Friday, November 10, 2006

APIMEDICA Presentation: The Antimicrobial Effect of Romanian and Japanese Honey on Oral Pathogens

APIMEDICA 2006, October 12-15, 2006, Athens, Greece
Presenter: Cristina Mateescu, Institute for Beekeeping Research & Development, Bucharest, Romania

The purpose of this study was to evaluate the in vitro antimicrobial potential on oral streptococci of several samples of acacia honeys from Romania, Japan and the manuka honey from New Zealand.

The method used was Broth Macro-dilution Method. Honey was diluted in a series of tubes with liquid culture medium (Brain Heart Infusion broth – Becton Dickinson, USA), resulting serial dilutions (50%; 15%; 10%; 5%).
A tube containing only broth was included as a growth control.
As inocula - a 3 hours culture in broth of Streptococcus anginosus isolates from oral abscesses was used.

Before being tested for their antibacterial activity, the amount of poly-phenols (phenolic acids and flavonoids) in the various sorts of honey was analyzed by HPLC with UV detection.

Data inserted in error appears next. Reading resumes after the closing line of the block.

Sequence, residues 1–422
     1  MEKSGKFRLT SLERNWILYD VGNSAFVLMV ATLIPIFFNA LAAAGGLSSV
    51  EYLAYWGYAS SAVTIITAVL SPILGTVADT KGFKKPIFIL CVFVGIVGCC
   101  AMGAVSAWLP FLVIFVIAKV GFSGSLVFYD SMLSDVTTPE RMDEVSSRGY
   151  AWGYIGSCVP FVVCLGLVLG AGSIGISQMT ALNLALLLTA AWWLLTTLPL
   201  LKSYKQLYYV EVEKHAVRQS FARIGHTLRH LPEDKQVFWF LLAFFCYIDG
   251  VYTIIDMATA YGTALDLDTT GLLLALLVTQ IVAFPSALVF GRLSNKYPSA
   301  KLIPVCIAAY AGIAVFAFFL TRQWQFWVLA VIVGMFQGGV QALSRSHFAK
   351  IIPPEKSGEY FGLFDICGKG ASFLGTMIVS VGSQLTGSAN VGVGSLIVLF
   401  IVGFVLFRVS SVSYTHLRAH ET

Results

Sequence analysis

1. There is a good correlation between certain phenolic compounds concentration in honey and its anti-bacterial effects, particularly when gallic, ferulic, cinammic acids and quercetin are concerned.

2. All these compounds are almost always present in acacia honeys. Specific patterns are seen for Japanese acacia and Romanian acacia.

3. According to this study, the good antibacterial action of honey against oral pathogens, indicated by the low inhibitory concentration and bactericidal concentration values against such strains as Streptococcus anginosus, recommends the Romanian sorts of honey as good quality natural products, with certain antimicrobial features.

4. These proved qualities could be used in preparing several products with direct protective action at the level of oral mucosa.

Lozenges, syrups or the simple domestic use of acacia honey or chewing acacia honey in comb, are but a few possibilities to use acacia honey.

These properties are proving efficient application of honey as a collyrium in various puss-producing infections at the level of the eye annexa.

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